The Miami Valley Conference has decided against adding Roger Bacon and Purcell Marian high schools as full-time members, instead offering both schools associate memberships in football.
Seven Hills athletic director Brian Phelps, the MVC president, made that announcement Thursday after a special meeting of the MVC athletic directors at Seven Hills.
“We were unable to come to any kind of conclusion to add Purcell and Roger Bacon as full members at this time,” Phelps said. “I have reached out to both schools to gauge their interest in considering being associate members for football only starting in the 2019-20 school year.”
Phelps said he spoke to Purcell principal Andy Farfsing and Bacon athletic director Steve Rossi.
“I would say they seemed thankful for us to consider talking about their membership and thought it was an interesting conversation to continue within their schools,” Phelps said. “There’s no timetable or anything like that, but I expect that I’ll hear from both of them sooner than later. It’s kind of in their court to see if that’s even an option they want to consider.”
Asked if there was an official vote on the Purcell and Bacon applications, Phelps had this to say:
“We talked about multiple scenarios, and we felt this was the best scenario at this time. I think it shows as a league that we’re not rushing into anything. We obviously don’t take this decision lightly. We’re trying to make sure that our decisions are truly in everyone’s best interests.”
Bacon and Purcell officials have expressed their desire to leave the Greater Catholic League Coed Division because of travel and competitiveness issues, particularly in football.
Butler County’s Cincinnati Christian and New Miami are MVC members. CCS athletic director Steve Gillens said if a vote had been taken on the two applications, his school would’ve voted no.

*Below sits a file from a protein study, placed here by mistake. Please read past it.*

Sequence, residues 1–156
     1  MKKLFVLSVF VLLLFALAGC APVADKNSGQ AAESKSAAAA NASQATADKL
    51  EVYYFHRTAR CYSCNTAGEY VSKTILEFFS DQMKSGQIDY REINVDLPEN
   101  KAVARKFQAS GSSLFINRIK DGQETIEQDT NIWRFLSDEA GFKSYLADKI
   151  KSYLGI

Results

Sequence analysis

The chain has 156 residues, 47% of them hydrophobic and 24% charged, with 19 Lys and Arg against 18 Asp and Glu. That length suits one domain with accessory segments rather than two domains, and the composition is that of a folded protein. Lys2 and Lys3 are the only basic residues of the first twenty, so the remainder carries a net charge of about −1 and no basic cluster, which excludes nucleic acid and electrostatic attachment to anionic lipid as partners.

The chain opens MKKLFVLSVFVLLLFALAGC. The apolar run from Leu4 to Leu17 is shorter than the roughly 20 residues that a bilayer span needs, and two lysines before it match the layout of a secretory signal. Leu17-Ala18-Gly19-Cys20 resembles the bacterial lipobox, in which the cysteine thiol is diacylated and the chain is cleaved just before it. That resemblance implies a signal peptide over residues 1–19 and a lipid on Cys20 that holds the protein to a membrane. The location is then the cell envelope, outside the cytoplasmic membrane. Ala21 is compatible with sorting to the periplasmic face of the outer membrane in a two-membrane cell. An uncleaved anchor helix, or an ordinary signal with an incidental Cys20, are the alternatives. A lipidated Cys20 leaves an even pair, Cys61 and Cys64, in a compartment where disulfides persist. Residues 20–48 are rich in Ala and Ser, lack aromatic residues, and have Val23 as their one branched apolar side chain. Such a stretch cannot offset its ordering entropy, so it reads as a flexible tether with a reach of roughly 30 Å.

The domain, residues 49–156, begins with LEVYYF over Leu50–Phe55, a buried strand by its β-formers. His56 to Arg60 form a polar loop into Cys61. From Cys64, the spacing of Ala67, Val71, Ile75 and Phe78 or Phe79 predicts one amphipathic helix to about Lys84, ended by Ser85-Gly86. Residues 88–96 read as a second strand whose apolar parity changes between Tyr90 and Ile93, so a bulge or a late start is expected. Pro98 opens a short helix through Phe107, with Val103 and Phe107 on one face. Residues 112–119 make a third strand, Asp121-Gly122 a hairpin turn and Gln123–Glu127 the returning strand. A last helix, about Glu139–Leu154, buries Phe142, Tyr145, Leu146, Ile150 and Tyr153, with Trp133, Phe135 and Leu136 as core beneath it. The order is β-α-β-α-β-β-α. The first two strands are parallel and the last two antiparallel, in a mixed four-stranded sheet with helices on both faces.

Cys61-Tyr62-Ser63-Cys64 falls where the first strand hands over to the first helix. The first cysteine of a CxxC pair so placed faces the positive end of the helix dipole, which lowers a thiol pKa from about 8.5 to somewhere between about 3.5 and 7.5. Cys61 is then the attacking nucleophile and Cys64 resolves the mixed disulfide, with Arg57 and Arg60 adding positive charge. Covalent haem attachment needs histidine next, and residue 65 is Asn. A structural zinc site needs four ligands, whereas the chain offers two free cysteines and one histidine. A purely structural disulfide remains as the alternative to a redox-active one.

“We were concerned about two big private schools coming in that didn’t have anything to offer as far as middle school was concerned,” Gillens said. “It was definitely going to be more competitive, which is OK, but there was an imbalance with two more private schools. That could change down the road if another public school comes into the picture to keep that balance. I think that’s what makes the MVC unique.”
He has no problem with adding Purcell and Bacon for football.
“That doesn’t affect me because we don’t have football,” Gillens said. “But it helps our conference as far as football is concerned, so I’m OK with that piece of it.”
Rossi admitted he was caught off guard by Thursday’s announcement.
“I was expecting a decision one way or the other just on membership,” he said. “But we’re going to give this every bit of attention that it deserves for us to think about.
“Football wasn’t necessarily the driving force that made us want to look for another league, but with any league, football can create its own situations and scenarios. The MVC saw a need. I’m not going to put any words in their mouths, but I think this was sort of a compromise for them to help their league football situation.
“Since we’ve been thinking about all these different scenarios, I don’t think it will take us much time to come up with a decision. I just need to be able to sit down with our coaches and administration to come up with that decision in an educated way.”
Phelps made it clear the MVC won’t shut the door on adding Purcell and Bacon as full-time members in the future if they continue to show interest.